Parade shooting heightens need for Family Service advice

Located a block and a half west of where a rooftop gunman killed seven and injured dozens at the start of the July 4 parade in Highland Park, Family Service of Lake County absorbs the unfortunate results of the tragedy.

“We have already seen a significant increase in the number of people requiring our counseling services over the past 24 hours,” said Kevin Murphy, director of development for the mental health service provider at 777 Central Ave.

In any given week, Family Service processes a few dozen clients, Murphy said.

“We’ve seen the number of people we serve double, and we expect that number to grow exponentially in the weeks to come.”

To meet the needs, the center has extended its opening hours from 8:30 a.m. to 7 p.m. and also opens consultations on weekends.

Clients typically book an appointment by calling the office at (847) 432-4981 or online at

The center now offers free 30-minute sessions without an appointment.

“For the next three weeks, we are allowing people to come in, sit down and talk,” Executive Director of Family Services Nancy Sawle Knobloch said.

Founded in 1930 as the Highland Park Social Service Committee, before adding councils and changing its name in 1949 to Family Service of Highland Park, the facility provides free mental health services and offers support for the elderly and caregivers.


Its Nuestro Center in Highwood provides educational and social-emotional support to Latino children from kindergarten through high school, as well as families and individuals.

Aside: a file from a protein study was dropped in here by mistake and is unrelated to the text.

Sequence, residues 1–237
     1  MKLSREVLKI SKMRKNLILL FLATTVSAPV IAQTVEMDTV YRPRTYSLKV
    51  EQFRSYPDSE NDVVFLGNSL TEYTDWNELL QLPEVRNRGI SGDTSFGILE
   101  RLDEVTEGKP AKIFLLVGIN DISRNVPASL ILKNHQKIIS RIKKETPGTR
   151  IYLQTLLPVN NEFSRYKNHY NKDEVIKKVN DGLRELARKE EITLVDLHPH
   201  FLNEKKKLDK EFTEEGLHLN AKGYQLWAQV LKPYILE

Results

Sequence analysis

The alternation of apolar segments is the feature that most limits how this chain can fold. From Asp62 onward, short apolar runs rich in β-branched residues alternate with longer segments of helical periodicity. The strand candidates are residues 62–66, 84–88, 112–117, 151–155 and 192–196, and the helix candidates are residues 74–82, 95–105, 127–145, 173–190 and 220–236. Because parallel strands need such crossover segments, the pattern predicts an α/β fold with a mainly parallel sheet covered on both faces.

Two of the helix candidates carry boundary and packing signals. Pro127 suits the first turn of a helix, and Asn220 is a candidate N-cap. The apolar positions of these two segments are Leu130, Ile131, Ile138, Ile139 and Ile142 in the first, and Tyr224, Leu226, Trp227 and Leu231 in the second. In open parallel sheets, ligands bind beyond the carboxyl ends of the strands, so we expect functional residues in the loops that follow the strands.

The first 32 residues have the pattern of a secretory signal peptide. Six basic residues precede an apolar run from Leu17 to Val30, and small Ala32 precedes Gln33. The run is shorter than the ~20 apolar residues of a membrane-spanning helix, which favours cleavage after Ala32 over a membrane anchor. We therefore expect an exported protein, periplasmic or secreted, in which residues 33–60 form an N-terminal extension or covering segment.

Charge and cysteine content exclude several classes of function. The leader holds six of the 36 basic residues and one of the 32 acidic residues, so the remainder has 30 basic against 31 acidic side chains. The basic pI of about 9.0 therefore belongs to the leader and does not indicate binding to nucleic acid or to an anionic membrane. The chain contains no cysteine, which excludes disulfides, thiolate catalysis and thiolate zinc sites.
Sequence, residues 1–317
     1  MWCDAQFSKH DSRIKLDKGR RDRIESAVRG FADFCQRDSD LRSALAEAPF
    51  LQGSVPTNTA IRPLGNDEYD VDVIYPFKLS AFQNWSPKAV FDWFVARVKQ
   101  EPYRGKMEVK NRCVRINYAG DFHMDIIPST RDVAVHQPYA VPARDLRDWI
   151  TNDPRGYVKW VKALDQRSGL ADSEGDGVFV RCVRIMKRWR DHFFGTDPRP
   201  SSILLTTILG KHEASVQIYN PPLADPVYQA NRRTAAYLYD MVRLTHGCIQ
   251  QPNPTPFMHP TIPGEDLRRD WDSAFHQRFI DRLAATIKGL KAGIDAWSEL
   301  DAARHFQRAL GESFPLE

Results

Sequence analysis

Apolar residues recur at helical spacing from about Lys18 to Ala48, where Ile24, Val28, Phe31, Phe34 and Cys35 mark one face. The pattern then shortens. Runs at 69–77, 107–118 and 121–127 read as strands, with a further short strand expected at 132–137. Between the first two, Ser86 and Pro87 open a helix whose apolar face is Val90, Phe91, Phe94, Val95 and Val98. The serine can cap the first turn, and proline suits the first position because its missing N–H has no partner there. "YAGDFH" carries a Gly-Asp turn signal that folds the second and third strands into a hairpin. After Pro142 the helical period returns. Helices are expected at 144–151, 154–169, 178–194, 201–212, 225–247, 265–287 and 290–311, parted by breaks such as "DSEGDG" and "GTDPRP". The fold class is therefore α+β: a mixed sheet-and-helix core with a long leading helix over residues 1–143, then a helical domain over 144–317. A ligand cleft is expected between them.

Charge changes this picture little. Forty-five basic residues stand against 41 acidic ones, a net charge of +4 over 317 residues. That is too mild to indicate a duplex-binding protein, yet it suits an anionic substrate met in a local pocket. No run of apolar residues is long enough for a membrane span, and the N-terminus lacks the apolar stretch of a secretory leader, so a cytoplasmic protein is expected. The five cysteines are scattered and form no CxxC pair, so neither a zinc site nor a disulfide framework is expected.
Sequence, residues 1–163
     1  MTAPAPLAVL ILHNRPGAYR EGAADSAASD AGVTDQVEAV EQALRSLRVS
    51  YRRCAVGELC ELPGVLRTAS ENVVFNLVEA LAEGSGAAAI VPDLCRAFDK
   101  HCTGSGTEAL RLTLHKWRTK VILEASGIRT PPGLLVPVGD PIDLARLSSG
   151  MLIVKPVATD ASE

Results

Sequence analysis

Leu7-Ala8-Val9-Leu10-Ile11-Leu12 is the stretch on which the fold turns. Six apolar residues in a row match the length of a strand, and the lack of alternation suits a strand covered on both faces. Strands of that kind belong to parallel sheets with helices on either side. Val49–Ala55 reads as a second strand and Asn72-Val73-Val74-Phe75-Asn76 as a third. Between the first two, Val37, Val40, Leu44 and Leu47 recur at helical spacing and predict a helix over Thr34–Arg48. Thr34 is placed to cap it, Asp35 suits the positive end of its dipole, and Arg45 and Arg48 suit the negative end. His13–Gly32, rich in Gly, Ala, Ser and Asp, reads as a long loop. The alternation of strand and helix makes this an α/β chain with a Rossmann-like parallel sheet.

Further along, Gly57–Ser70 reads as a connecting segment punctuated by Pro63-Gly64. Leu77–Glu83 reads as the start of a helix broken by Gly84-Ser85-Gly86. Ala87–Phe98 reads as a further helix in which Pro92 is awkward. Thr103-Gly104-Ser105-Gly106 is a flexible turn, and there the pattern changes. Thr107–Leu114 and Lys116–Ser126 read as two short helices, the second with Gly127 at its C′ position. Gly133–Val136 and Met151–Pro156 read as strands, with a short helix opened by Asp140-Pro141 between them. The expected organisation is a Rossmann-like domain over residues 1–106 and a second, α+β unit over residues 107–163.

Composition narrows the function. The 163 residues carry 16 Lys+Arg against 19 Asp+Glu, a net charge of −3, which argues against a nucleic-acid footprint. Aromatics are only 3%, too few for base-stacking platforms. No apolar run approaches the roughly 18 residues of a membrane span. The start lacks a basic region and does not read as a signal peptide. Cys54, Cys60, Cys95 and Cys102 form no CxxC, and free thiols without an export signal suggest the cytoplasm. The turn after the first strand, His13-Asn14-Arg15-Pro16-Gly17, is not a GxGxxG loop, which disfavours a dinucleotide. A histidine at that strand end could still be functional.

Family Service employs 15 full-time staff – seven full-time and part-time therapists (including two bilingual therapists), four support staff and four staff at Nuestro Center.

Following the shooting, Knobloch said the center was “trying to figure out quickly” how to serve the many people from Highwood and Highland Park who were at the parade.

“We had to adjust and adapt to meet the needs of the community, and now,” she said.

It has also begun consultations with the Town of Highland Park.

Murphy said within two hours of the shooting, Dr. Algean Garner II, director of the Family Service Council, was leading city and township officials through a “triage plan” to inform employees of the traumatic episode. .

“How you can have these tough conversations,” Murphy said. “Providing a lot of advice to our civic and business partners about what happened yesterday, to try to make sense of it.”

On July 6, the center was scheduled to meet with city workers present at the event, who experienced the scene of panic and the worst it presented – first responders such as public works workers, untrained to handle something like a mass shooting.

Knobloch said the next three weeks are crucial for people who have suffered such trauma.

“When something like that, a crisis or a trauma, happens when there’s an initial shock and reality sets in, people have to deal with it pretty quickly, and that timeframe is about three weeks” , she said.

“A lot of people are still stunned and in shock.”

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